Software's Focus Magic is as close to magic as it
gets by helping minimize and sometimes eliminate blurred
photographs caused by camera or subject movement. As a
photographer who shoots too many images handheld at slow
shutter speeds, it has become an indispensable power tool.
Photos © 2004, Joe Farace, All Rights Reserved
"Vitaque mancipio nulli
datur, omnibus usu."--Lucretius (96-55 B.C.)
I happen to think that the
process of making photographs extends beyond snapping a shutter. Manipulating
images has been a part of the photographic process since Julia Margaret
Cameron got her first camera, yet when computers are involved, it sets
the purists' "hair on fire." Recently, the appearance
of one of my motorcycle images on a photographic website generated these
"Once you change an image it ceases to be a photograph, even if
all you do is sharpen it." I thought that was strong until I read,
"Resorting to Photoshop tricks just means you're not a good
enough photographer to actually capture the image." Ouch, that
one hurt, but I especially enjoyed: "Let's say you take
a photograph and manipulate it in some software program. If the end
result is 50 percent photograph and 50 percent manipulation, you are
only half the photographer you think you are."
One photojournalism fan put it this way, "Putting anything new
in a photograph makes it an illustration. Taking objectionable items
out does not debase its basic photographic nature." So let me
get this straight: Removing a telephone pole is OK as, I assume, was
the 1970s Denver Post photo editor who airbrushed a prize bull's
photograph to hide its cojonés. I can tell you this; the bull's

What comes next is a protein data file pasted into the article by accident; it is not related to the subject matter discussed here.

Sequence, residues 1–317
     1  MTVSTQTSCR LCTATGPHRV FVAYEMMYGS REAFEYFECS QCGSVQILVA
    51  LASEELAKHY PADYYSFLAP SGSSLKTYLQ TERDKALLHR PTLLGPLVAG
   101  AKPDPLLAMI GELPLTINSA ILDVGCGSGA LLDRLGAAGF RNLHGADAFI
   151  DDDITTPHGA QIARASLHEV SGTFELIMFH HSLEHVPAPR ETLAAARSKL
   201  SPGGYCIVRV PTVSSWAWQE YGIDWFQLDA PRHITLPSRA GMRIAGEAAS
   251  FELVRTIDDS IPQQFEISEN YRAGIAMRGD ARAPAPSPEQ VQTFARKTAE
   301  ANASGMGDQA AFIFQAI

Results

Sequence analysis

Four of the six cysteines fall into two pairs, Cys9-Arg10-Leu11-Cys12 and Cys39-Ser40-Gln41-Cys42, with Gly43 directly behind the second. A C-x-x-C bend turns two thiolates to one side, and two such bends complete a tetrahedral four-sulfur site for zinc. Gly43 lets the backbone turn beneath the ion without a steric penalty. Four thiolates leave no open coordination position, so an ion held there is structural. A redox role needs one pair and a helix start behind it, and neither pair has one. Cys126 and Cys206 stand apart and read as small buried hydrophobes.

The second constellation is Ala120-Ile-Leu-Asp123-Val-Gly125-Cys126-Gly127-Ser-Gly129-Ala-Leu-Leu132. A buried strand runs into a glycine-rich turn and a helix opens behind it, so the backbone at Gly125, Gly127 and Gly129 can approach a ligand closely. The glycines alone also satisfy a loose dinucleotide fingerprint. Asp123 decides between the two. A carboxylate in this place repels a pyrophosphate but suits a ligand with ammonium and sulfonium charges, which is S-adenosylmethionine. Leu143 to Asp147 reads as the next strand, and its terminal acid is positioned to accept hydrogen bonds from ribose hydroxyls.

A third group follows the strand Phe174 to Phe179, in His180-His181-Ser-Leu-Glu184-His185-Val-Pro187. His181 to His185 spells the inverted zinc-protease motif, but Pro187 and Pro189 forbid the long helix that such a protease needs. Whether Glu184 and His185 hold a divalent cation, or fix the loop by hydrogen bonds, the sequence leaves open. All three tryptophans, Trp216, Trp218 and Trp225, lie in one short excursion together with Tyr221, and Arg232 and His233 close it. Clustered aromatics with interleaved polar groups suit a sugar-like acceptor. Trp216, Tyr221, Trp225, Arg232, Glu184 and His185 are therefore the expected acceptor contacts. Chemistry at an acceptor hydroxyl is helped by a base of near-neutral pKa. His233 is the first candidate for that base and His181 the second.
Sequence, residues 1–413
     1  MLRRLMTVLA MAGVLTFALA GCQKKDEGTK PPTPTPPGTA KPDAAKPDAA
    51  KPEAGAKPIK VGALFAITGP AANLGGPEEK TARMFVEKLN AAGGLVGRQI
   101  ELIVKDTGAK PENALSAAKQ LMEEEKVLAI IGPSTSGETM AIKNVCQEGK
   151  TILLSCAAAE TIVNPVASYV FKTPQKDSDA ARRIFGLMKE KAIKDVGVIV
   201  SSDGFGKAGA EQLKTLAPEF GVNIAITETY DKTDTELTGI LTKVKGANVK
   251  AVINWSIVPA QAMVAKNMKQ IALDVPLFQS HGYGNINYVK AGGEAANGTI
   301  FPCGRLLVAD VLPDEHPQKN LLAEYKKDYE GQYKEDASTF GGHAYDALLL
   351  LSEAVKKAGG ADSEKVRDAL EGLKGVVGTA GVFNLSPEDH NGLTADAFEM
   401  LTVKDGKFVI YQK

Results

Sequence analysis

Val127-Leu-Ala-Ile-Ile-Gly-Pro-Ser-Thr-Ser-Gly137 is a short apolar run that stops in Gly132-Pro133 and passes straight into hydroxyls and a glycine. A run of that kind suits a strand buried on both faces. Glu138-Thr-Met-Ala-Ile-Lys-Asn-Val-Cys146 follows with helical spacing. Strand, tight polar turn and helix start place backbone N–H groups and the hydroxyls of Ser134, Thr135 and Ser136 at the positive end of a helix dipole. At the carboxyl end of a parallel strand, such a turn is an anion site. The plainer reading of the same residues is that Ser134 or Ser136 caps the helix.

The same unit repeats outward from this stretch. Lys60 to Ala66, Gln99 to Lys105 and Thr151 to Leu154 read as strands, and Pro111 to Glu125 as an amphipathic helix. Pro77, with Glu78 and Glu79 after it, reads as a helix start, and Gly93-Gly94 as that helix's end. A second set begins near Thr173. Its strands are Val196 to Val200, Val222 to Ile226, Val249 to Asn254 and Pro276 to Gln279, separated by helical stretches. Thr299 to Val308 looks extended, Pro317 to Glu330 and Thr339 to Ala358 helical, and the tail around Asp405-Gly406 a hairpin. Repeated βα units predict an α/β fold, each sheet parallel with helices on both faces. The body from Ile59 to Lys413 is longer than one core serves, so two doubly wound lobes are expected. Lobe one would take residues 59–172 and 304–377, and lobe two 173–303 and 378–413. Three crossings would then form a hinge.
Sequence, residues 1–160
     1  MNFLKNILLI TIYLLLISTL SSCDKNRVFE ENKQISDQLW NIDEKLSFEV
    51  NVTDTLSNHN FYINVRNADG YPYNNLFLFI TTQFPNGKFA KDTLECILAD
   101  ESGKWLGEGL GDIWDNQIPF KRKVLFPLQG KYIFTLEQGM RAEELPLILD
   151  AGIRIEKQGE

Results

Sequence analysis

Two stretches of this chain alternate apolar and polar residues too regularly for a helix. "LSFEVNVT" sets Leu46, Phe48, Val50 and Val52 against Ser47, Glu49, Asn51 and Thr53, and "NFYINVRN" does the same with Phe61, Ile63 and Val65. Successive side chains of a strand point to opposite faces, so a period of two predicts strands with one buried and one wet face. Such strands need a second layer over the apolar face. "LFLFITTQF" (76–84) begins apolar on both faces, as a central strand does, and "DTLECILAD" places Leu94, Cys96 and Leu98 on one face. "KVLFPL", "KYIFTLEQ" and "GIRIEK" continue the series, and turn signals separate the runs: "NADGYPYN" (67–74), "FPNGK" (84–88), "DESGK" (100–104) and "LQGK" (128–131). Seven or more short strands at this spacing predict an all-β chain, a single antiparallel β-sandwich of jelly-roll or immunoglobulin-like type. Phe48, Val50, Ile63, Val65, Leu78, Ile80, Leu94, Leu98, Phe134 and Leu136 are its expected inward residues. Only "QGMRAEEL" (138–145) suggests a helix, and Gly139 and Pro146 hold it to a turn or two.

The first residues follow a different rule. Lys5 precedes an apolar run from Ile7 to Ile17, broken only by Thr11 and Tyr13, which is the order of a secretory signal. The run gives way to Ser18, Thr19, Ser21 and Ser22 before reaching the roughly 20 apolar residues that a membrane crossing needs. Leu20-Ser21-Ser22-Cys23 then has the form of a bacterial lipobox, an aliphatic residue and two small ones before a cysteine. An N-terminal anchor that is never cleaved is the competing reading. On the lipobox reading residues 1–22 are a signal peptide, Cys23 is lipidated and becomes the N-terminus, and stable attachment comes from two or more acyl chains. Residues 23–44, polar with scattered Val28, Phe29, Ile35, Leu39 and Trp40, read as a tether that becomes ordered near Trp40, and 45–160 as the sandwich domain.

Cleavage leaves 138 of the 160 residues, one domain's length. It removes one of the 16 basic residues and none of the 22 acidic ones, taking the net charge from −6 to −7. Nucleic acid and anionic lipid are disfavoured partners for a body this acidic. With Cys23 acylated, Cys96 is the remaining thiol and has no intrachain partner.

owner was not amused. Then there was a comment that "Photoshopped
images are drawings, not photographs." After all these years of
not being able to draw stick figures, I can finally draw! Mom would
have been proud. Finally, there was this Rodney King-like statement
I sorta agree with, "Why don't we just call it all Art?"
Skin Softener is part of the Complete Edition of nik Color
Efex Pro 2.0 and lets you use a few simple sliders to smooth
skin tones affected, while areas such as eyes and lips remain
When my friend Michael got a new digital SLR, he e-mailed me saying that
most of his pictures were "out of focus." I asked, "What
are your shutter speeds? Are you sure you're not seeing camera movement?"
Hand holding cameras at slow shutter speeds is easier for some photographers
than others, and that's why a sturdy tripod is a useful accessory
when image sharpness is critical. Acclaim Software's (www.focusmagic.com)
Eric Schwerzel believes that 60 percent of blurred photographs are caused
by motion and developed a Photoshop compatible plug-in called Focus Magic
that reinstates as much of the original "in focus" image as
possible, allowing it to recover detail from photographs blurred by movement.
How does it work? The short answer is pretty good, but it's ultimately
dependent on how much camera movement there is. Focus Magic is not a miracle
worker, but it improves images for which there is otherwise no hope, which
earned it a place in my personal list of must-have plug-ins. A free trial
version can be downloaded from Acclaim's website and allows up to
10 images to be sharpened. Focus Magic costs $45 to register and is available
as a stand-alone Windows program and Photoshop compatible plug-in. A Mac
OS version is available as a package of two plug-ins, one for images blurred
by motion blur, the other for out-of-focus photographs.
latest nik Color Efex Pro plug-ins include a "Traditional"
filter called Classical Soft Focus that now offers three
different soft focus modes with two sliders instead of one
allowing you to maintain as much skin detail as you like
while smoothing and softening. Classical Soft Focus still
includes the basic Zeiss Softar-style soft focus but adds
modes that add warmth and glow, making it a good bet for
glamour images like this one.
I've seen Photoshop tutorials that purport to show you how to create
"perfectly smooth skin," but every one I've tried accomplished
this goal by obliterating detail and creating an unnatural look. Here